AST’s and JavaScript: Write Code that Writes Code

The adoption of abstract syntax trees in JavaScript has led to an explosion in tooling that has changed the landscape for developers.  The usage of ASTs allows JavaScript developers to better identify potential bugs before executing their code, as well as ensuring a consistent code quality across a codebase.  Their use in build tools has changed how we write our JavaScript applications by not only letting us target future specifications of the JavaScript language but also to compile non-spec compliant syntax (e.g. JSX) to JavaScript for use in the browser.  And by leveraging this data structure, developers can have 100% confidence in updating thousands of JavaScript files using an AST-based script by leveraging codemods.

While these tools carry a ton of power and potential, the use of code modification via AST manipulation scares off many developers.  The name itself will cause your average developer to scratch his head and proclaim, “Well, I’m not a Computer Science major so I don’t think a tool like that is for me.” However, given the current tooling available, AST manipulation is very approachable. [Read more…]

Start Training on a New System by Describing the End Product

As a contractor, I am often thrown into huge code bases with just a list of instructions for environment setup and not much else.

The bummer is that for complex software systems, a list of setup instructions is of hardly any use without understanding the expected end product of the environment you are putting together.

I often wish I also had a list of things I was allowed to do as a new contractor / employee, but this is probably a discussion for another time.

When I buy a Lego set, I bought it based on what the final constructed product looked like on the front of the box.

As you are putting together the Lego set, don’t you sometimes find yourself referring to the cool picture on the front of the box as a general reference and motivator?

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Be Rational—Delete That Code!


In a previous blog post, I brought up the concept of fighting the urge to rewrite code, and instead shift to refactoring code a step at a time until it takes on the features and characteristics that the business needs. Rewriting the code should only be considered a last ditch option. All that said, you will inevitably hit scenarios where you can delete whole swaths of your hard fought code:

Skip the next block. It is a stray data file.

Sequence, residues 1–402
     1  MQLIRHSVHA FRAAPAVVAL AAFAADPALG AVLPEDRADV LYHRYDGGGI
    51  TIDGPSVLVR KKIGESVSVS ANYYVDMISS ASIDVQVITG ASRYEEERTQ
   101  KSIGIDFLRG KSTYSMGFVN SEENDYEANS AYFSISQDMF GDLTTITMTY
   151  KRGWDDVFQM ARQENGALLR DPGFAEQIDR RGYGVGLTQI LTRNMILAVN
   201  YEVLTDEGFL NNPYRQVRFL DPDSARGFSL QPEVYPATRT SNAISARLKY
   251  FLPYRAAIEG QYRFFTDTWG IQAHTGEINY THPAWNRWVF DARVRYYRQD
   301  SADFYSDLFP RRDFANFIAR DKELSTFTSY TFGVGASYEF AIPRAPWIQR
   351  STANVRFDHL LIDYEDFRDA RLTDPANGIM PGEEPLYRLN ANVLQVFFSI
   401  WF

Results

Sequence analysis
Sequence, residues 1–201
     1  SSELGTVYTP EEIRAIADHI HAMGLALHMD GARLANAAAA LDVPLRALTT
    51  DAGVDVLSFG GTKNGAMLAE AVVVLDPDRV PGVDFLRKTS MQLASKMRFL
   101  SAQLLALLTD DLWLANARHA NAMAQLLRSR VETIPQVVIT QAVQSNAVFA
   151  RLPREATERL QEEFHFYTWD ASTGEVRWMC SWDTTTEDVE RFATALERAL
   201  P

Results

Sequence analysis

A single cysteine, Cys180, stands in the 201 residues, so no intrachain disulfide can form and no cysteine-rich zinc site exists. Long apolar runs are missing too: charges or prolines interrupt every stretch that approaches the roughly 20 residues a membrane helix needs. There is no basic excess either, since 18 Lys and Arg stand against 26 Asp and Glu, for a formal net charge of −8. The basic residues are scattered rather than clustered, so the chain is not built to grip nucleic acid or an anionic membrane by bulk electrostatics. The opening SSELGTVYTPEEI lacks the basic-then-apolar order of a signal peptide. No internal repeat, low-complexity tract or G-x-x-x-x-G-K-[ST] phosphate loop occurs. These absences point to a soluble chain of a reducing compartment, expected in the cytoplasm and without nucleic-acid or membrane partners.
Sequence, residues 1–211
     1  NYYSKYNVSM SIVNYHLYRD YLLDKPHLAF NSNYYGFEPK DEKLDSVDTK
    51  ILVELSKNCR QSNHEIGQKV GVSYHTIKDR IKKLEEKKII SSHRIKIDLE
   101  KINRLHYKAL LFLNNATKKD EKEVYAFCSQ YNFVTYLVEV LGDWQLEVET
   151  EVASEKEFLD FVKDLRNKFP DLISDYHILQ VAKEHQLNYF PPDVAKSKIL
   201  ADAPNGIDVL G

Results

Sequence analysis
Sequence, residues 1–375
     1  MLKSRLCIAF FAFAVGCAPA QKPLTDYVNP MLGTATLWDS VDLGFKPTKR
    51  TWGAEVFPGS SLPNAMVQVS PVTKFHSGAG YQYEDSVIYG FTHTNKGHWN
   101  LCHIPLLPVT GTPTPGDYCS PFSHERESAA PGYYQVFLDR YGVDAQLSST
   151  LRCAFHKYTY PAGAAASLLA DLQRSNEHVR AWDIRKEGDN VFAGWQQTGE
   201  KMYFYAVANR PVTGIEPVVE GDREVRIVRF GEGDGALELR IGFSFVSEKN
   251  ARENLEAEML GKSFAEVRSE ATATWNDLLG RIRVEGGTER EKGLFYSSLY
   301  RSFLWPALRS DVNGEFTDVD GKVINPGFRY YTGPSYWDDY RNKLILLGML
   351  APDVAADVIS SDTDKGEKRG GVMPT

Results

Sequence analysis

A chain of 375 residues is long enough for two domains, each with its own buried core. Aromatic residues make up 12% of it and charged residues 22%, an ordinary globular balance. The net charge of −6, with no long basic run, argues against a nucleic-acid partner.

• Refactoring – As you are refactoring code, you will inevitably hit the bottom of the refactoring stack and are now are able to delete whole chunks of code that are no longer needed.
  • Dead End – While coding up a feature, you have found out that the track you have taken is a dead end. There is a need to wipe out all that code and start over on a different path.
  • Fully Supported Third-Party Replacement – Whole chunks of your past work should be replaced by new frameworks and/or third party components.
  • Long Gone Business Requirements – A feature that you poured years into is just no longer needed, and the expense of supporting it is adding up, so it needs to be removed. Nobody learned this lesson more than the Microsoft Internet Explorer team when they started work on the Edge browser (nee Project Spartan)

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You Don’t Need to Rewrite to Move Forward

The story you are about to read is mostly true. The names have been completely omitted to protect the innocent. It is extracted from the caffeine addled brain of an old-school software engineer. Take from it what lessons you wish.

As software engineers we always seem to want to rewrite something. There is an immense sense of freedom that comes from clicking: File –> New Project…

The next time you have the rewrite urge, think instead on how you can execute an incremental improvement to the code without rewriting. I would submit that if you think that a rewrite would be just ‘one step’ and ‘super easy’, it really isn’t. Factors, actors, capital, and time on a scale you never dreamed of will enter into your rewrite effort eventually.

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Browser-less Unit Testing your React/Redux Code with Mocha, Chai, and Enzyme

A lot of JavaScript applications out there require having a browser available to run your unit tests.  For years it seemed like the de-facto configuration for unit testing was some combination of Karma, PhantomJS, and either QUnit or Jasmine.  While I think that there is definitely value in making sure that your application runs properly in a browser, given that that is how your users will interact with it, my personal opinion is that the majority of your test suite should be able to be run outside of a browser environment.  This article will describe what Enzyme brings to the table in terms of unit testing your React/Redux code without needing a browser.